Colorwork the Easy Way: Slipped Stitches

The first time I saw Eunny Jang's Blooming Cotton Scarf, featured in our Spring Interweave Knits 2009 issue, I thought it was stranded colorwork, like a modern sort of Fair Isle. It certainly looks that way–but it's not. Instead of working with two colors at a time, you work with only one color at a time per row, so there's no yarn wrangling to be done.

How does this work? The Blooming Cotton Scarf uses the magic of slipped stitches to create a rich, colorful pattern. You hold the working color in your hand, knitting only some stitches in each row, and slipping-without-working other stitches. The slipped stitches are thus "carried up" from previous rows where another color was used. That's how the color patterns are formed: If you slip a stitch from a previous row, it will stay in the color of that previous row. Magic! (Not to mention super-easy.)

One more interesting thing about the Blooming Cotton Scarf

It is worked in the round lengthwise! Yes, I said lengthwise–like a big knitted circle. When the knitting is done, you cut through the circle at a place where there is no color pattern, and ravel the work back to the beginning of the actual colorwork. Instant fringe! And also…a sneaky-but-easy steek, thrown in there when no one was looking. This is a really stress-free way to have your first "cutting-your-knitting" experience.

This is a great spring scarf–don't forget to check out the alternate colorways below! And there’s more great spring projects in the Spring issue of Interweave Knits. If you haven’t gotten your copy yet, pick it up at your local yarn store or order here.

— Sandi

 


 

The Blooming Cotton Scarf: More colorways!

If you love the scarf, but the colorway shown in the magazine is not your style, Eunny has designed three alternate colorways. Instructions for the main scarf are in the Spring 2009 issue of Interweave Knits; instructions for the three alternate colorways are this week's free pattern download.

Download the Blooming Colors Scarf: Alternate Colorways!

 


 


Sandi Wiseheart is the founding editor of Knitting Daily. You can find her blogging here on Knitting Daily every Thursday. Want more? Visit Sandi's personal blog, wiseheart knits. Or, if you're on Twitter, follow her tweets: alpacasandi.

 

 

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9 thoughts on “Colorwork the Easy Way: Slipped Stitches

  1. Sandi, you have such a great voice when you write. When you are introducing something new or explaining somthing knotty like knitting math you’re actually both fun to read and informative. A rare talent, that! Since you’re obviously a busy woman, why don’t you cut back to posting once a week? That way there’s no need to retype what’s already been published, as with this posting.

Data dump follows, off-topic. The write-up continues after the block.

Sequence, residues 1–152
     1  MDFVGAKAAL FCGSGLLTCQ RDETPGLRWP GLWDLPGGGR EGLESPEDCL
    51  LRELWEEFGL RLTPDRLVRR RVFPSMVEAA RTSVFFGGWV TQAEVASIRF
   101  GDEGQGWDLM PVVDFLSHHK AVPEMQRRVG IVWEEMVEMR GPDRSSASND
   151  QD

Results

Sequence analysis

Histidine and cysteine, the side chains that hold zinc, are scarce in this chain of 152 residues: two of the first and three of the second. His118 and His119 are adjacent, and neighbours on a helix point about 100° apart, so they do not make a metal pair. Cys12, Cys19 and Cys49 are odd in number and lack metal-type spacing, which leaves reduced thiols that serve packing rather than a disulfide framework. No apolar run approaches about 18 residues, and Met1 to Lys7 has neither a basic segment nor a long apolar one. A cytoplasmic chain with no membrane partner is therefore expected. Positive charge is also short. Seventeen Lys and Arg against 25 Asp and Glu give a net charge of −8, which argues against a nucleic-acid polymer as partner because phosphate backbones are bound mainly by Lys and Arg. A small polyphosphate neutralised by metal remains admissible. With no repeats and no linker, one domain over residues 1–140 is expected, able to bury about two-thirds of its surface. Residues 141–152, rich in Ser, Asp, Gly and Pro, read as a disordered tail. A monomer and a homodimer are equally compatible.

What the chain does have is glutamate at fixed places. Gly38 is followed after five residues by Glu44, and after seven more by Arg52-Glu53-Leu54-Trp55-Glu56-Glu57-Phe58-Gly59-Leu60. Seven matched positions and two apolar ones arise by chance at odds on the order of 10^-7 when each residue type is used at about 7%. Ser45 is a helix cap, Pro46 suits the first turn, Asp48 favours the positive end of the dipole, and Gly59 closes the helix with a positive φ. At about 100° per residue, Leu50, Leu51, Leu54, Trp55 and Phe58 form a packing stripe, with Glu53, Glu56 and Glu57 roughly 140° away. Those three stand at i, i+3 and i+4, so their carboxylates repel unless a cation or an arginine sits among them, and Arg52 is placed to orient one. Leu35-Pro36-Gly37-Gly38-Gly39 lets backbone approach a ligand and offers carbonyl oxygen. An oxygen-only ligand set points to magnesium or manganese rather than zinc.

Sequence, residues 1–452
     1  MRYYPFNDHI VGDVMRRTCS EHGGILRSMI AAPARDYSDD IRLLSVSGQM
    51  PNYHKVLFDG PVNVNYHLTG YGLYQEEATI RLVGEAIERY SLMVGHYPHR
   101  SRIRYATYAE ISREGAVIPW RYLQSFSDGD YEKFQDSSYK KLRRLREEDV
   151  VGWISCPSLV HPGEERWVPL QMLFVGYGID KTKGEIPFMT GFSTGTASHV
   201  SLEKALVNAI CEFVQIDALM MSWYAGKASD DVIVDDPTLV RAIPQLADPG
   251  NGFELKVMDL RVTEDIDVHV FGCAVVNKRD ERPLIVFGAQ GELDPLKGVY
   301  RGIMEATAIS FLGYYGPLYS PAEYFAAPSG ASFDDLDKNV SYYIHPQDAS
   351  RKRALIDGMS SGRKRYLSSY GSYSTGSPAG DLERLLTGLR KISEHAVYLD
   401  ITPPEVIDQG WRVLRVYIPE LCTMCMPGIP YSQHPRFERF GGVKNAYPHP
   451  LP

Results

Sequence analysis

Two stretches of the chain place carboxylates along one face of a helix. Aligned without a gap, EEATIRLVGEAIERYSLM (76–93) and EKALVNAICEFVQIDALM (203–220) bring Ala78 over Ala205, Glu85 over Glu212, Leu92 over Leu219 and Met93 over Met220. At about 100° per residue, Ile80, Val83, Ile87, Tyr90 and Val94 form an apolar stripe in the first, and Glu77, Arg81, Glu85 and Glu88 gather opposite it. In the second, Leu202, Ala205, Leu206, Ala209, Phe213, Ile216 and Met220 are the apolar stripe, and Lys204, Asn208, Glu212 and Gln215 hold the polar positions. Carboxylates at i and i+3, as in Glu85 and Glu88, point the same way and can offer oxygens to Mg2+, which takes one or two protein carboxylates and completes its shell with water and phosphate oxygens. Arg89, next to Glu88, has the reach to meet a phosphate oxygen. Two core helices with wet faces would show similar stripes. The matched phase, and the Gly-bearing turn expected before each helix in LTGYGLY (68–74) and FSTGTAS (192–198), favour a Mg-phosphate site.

2. Sandi, I’m excited to do the red version of the scarf. I rarely go beyond earth tones, but I’m being adventerous on this one. The problem is when I went to order the yarn off yarn market, the peach had a different number than that listed on your site (number for light cantaloupe). Can you tell me which is the one you used in the example ( peach or light cantaloupe)? Thanks!

  3. Sandi, I’m excited to do the red version of the scarf. I rarely go beyond earth tones, but I’m being adventerous on this one. The problem is when I went to order the yarn off yarn market, the peach had a different number than that listed on your site (number for light cantaloupe). Can you tell me which is the one you used in the example ( peach or light cantaloupe)? Thanks!

  4. This scarf is so neat! Seems I’ll have to find the time to fit in another project. I’ve not had much experience in knitting with circular needles and have been looking for more patterns to practice with, this one sounds like fun. Interweave always has the best free patterns! Thank you for all you do, you make learning an adventure.

  5. When I downloaded the alternate colorways, the pdf contained the full scarf pattern, not just the colorways. I subscribe to the magazine, so I have the pattern already, but your blog entry suggested that everyone needs to purchase the pattern. If it is indeed a free download, pattern AND alternate colorways, perhaps you should correct this blog entry?

  6. LindaD, I stopped getting them then too – and they’d been coming like clockwork up until then. Not sure whether I need to put my e-mail address into the system again somewhere? it still knows me for logging onto the site (obviously, since I’m able to post here), but nothing is coming to my inbox these days. Sorry to have missed all those undoubtedly brilliant posts, Sandi; can somebody help us out?
    Thanks! — JullesT

  7. Has anyone figured out what to do with the back of this scarf. It has slubs of yarn over 6 stitches, and I’m afraid it will be easily caught on things and fingers. I had thot of backing it with flannel, but don’t want it to get too heavy. Would appreciate some thots as to what others are gonna do.
    Muriel

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